Millions Of Rapid Coronavirus Tests Coming To Florida
Antigen tests are less accurate than PCR tests, but federal health officials say their ability to produce results within minutes makes them important tools for curbing the spread of the virus.
Florida has started using some of the more than 6.4 million rapid coronavirus tests it’s set to receive from the federal government throughout the next few months.
State-supported testing facilities like Raymond James Stadium in Tampa began offering the antigen tests this week as their primary testing option.
The highly-sensitive PCR tests they have been using since the start of the pandemic are still available upon request. As with all testing done at these sites, there is no charge for patients.
The U.S. Department of Health and Human Services plans to ship 150 million of these antigen tests, called Abbott BinaxNOW, to states and territories by the end of the year.
“And to have them distributed across the country in an equitable way that protects our most vulnerable but also allows reopening of the economy and keeping schools, particularly K-12, safe and open,” said Admiral Brett P. Giroir, Assistant Secretary for Health at HHS.
The agency has sent Florida about 2.28 million tests so far. In addition to allocating some for public testing sites, the state is also giving a portion to schools, first responders, long-term care facilities and senior living communities.
The federal government also sent some tests directly to nursing homes and historically-Black colleges and universities around the country.
These COVID-19 antigen tests are less accurate than PCR tests, although Giroir said the Abbott BinaxNow tests perform better than other antigen models. He said they are approximately 97 percent as accurate as a PCR test.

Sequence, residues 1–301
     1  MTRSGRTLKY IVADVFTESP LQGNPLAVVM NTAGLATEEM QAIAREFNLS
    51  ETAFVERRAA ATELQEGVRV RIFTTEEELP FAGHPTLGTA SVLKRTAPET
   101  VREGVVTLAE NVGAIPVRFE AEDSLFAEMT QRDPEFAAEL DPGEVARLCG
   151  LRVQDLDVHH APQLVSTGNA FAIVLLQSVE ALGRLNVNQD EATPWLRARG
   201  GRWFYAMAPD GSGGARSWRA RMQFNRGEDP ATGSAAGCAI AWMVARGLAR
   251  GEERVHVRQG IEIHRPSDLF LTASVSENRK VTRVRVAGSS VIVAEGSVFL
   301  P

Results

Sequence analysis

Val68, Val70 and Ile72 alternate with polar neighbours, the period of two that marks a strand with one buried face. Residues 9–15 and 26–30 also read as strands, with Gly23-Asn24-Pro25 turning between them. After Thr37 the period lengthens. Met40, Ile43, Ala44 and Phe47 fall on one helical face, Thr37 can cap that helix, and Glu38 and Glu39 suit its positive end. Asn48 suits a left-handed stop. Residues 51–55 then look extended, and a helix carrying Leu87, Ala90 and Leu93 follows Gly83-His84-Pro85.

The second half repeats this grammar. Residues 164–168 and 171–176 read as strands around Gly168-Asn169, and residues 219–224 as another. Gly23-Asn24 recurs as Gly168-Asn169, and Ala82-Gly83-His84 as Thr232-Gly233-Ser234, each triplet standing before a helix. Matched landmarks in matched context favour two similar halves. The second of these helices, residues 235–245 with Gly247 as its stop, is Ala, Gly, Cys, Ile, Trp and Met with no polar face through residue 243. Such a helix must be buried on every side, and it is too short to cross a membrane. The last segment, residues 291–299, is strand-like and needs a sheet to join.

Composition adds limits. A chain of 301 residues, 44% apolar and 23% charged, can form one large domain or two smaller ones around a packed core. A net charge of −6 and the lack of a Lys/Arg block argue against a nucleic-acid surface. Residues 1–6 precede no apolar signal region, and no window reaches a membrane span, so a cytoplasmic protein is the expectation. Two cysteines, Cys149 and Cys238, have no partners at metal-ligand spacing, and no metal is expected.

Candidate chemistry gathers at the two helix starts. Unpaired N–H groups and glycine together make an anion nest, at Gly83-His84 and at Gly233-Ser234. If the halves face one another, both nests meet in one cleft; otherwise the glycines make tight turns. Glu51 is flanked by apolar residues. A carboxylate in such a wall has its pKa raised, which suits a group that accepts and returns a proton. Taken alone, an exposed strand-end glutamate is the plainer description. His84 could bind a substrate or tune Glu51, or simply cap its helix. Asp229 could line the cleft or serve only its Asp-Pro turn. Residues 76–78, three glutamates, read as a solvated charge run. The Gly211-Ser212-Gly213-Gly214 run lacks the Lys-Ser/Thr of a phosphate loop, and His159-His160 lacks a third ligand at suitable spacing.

And unlike PCR tests, which typically take a few days – and, during peak times, weeks – to get results, the BinaxNOW tests can produce results in as little as 15 minutes and don't require sophisticated equipment.
That makes them important tools for curbing the spread of the virus among the masses, said Giroir.
“If you're talking about testing hundreds of millions of people per month or per year, this is going to be the backbone of that – low cost, inexpensive, rapid, no instrument-needed types of tests," he said.
Health experts suggest that people who get a negative antigen test result but still have COVID-19 symptoms or known exposures to the virus should follow up with the more reliable PCR test.
That is going to be the plan, at least in Manatee County, according to Director of Public Safety Jacob Saur. The county has a state-supported testing site in Lincoln Park in Palmetto, which will be relocated to the Bradenton Convention Center later this week.
Saur said during a county commission meeting on Tuesday that local health workers would also take over conducting the tests at local senior-living communities because he said the tests’ accuracy depends on trained health professionals using them.
It’s unclear how much responsibility will fall on local governments or the state to carry out this new testing initiative.
Giroir said after the initial 150 million tests are distributed nationally, HHS will evaluate whether the markets for rapid coronavirus tests and related supplies allow states to equitably secure what they need on their own or if they will still need federal support.